Tuesday, January 12, 2016
Not everything can be settled by a friendly discussion. . .
Yet that is exactly the way we think of the ecumenical endeavor -- sit down and talk and everything will be resolved. Now I am all for talking but I am sure that, as Sasse once said, not everything can be settled by a friendly discussion. Sasse complained that we had surrendered an infallible pope for the infallibility of a friendly discussion.
I am not at all sure that the problem with Arius could have been resolved over coffee and biscuits or even beer and pretzels. I am not at all sure that Luther and Zwingli would have succeeded with a bit more friendliness or perhaps a great deal more discussion. I will go so far as to suggest that too much friendly discussion can often blunt the sharp edge of truth as we try to adjust it so that it fits everyone's categories and preferences.
Part of the problem with the friendly discussion is that we do not listen well. By this I do not simply mean we do not listen to those across the table. If Lutherans had been listening better when we first sat down with the Roman Catholics in ecumenical dialog, we would have learned much about ourselves from the wisdom of one of those who knew our Confessions like one who wrote them -- Arthur Carl Piepkorn. The truth is that perhaps the chief reason to have ecumenical conversations is it forces us to think about who we are, what we confess, and how to lay it out clearly and concisely. But we need to listen to ourselves as well as listening to those across the table.
Part of the problem is that we are not listening to Scripture. Everyone who sits down for such a friendly discussion ought to be talking about and listening to Scripture. This means that we trade not on mere opinions or thoughts but the Word of the Lord that endures forever. When we talk about the Word it is more likely we will find answers in common.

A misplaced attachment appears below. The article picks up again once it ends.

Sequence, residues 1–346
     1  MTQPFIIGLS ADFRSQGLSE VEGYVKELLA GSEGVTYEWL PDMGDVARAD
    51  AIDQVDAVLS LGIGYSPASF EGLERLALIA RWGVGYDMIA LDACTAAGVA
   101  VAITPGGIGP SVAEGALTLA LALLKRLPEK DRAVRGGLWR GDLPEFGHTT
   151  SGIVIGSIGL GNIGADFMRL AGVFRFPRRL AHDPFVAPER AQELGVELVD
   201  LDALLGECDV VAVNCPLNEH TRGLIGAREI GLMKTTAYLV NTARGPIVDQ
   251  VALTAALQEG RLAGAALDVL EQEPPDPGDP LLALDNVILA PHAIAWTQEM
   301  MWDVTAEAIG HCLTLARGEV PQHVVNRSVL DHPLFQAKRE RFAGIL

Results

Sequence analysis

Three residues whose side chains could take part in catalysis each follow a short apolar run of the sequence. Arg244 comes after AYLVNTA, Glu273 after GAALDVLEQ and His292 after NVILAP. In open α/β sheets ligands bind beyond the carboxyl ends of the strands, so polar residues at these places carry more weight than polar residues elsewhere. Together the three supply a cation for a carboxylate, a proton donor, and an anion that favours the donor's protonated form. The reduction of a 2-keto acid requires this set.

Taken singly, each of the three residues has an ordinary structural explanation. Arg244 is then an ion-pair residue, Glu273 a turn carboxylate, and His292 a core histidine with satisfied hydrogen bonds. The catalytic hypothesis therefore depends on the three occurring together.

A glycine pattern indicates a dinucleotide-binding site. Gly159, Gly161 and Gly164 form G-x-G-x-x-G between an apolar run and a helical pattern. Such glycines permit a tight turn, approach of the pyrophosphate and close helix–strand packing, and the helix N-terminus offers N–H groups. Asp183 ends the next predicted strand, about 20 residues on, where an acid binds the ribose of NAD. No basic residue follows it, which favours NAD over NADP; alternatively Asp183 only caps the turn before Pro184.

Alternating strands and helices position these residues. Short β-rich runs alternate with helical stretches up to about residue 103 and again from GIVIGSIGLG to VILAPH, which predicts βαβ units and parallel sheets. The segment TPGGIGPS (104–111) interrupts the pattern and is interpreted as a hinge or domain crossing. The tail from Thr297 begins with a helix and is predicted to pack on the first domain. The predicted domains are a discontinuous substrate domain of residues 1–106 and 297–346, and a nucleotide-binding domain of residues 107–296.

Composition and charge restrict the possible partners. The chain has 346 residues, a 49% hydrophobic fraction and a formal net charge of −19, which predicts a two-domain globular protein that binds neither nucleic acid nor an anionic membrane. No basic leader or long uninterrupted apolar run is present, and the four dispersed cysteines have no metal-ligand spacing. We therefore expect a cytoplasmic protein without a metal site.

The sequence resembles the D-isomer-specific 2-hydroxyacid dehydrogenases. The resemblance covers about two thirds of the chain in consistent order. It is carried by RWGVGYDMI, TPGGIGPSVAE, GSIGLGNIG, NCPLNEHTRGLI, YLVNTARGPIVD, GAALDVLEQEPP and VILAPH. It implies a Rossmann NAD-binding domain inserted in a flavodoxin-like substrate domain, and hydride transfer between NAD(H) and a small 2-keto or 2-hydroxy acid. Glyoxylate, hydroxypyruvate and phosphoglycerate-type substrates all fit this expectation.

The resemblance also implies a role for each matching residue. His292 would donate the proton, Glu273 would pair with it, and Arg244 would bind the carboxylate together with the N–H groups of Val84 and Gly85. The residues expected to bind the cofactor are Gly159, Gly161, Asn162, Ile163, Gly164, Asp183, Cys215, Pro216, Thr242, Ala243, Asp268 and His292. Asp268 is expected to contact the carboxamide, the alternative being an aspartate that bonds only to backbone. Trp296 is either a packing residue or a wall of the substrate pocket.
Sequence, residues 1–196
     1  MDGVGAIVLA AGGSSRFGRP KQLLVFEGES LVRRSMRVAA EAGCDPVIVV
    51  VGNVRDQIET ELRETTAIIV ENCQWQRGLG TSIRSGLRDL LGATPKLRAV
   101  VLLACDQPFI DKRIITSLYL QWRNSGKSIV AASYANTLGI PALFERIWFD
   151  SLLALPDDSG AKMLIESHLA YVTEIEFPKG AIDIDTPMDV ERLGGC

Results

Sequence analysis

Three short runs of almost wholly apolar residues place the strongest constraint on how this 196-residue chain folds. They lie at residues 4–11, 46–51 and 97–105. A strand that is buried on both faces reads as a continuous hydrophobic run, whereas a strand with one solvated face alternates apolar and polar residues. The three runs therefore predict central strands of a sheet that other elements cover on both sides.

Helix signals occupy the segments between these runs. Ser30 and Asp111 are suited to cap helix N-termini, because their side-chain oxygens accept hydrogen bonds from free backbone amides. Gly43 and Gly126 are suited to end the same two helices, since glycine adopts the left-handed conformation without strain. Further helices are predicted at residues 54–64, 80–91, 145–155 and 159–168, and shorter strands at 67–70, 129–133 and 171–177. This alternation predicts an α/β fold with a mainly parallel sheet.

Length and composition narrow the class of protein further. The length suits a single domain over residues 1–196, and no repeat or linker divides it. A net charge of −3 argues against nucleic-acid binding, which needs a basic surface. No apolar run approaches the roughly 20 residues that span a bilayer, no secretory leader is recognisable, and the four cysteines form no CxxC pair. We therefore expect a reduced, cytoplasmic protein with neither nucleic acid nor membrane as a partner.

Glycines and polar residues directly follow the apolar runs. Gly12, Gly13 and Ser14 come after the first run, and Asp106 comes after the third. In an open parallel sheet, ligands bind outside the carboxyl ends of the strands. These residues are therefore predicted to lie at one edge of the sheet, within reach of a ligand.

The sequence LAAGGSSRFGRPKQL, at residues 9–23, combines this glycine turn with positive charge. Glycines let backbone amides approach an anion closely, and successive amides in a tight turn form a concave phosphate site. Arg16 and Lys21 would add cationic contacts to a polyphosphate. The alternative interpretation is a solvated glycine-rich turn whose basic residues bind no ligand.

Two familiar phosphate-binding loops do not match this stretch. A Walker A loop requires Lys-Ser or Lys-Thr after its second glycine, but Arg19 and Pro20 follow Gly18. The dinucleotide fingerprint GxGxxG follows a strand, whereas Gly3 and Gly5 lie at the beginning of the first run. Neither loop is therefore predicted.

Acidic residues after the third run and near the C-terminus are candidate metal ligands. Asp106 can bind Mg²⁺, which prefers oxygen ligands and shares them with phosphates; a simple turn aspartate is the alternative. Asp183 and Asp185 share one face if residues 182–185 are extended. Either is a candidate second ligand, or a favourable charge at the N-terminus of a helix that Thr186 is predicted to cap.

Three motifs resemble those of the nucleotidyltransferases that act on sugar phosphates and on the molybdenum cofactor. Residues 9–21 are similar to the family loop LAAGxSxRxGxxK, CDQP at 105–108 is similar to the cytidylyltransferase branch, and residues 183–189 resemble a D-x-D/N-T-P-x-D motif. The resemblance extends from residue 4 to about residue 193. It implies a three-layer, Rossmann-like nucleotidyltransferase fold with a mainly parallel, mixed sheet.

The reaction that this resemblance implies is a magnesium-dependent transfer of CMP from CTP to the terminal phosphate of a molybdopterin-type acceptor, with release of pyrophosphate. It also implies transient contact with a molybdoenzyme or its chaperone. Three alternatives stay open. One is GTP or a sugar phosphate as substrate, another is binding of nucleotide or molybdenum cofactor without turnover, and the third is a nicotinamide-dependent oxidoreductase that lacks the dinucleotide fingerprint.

The other part of the problem is that too many churches are either ignorant of their own history and confession or that they have choosen to be disconnected from their past and their faith once confessed. This is certainly a problem with Protestants and with Lutherans. Now we are seeing the same kind of problem almost institutionalized within the Roman Catholic Church (despite the hermeneutic of continuity spoken of by Benedict XVI). It is hard to have a friendly discussion when churches are unfriendly toward their own historic confession and stance yet that is exactly the state of affairs with modern day ecumenism. Instead of looking at the Word of the Lord that endures forever and searching their own confessions in search of faithfulness to that Word, we find an ecumenism in which nothing is true or certain and the ecumenical conversation is more about opinions and feelings than anything else. Little is to be gained by such feel good conversations.
No, not everything can be settled by friendly discussion and perhaps not much can be gained by it at the present moment. As I have said before, the first step toward any real ecumenical progress lies not around the table with others but searching our own confessions and practices to make sure that they are faithful to the Word that endures forever. Where this happens in earnest, progress might be made. So for the LCMS this has meant shifting attention from the ELCA where our stance toward Scripture itself is the conflict and spending more time where we share a common confession in Word that does not lie, the truth that does not change, and the Word of the Lord that accomplishes what it promises. With these and others who are willing to converse from a more solid starting point, fruits will be borne (thinking here of the preliminary dialogues with NALC and ACNA. But Sasse is correct, conversation for the sake of talking will not bear the fruits we seek.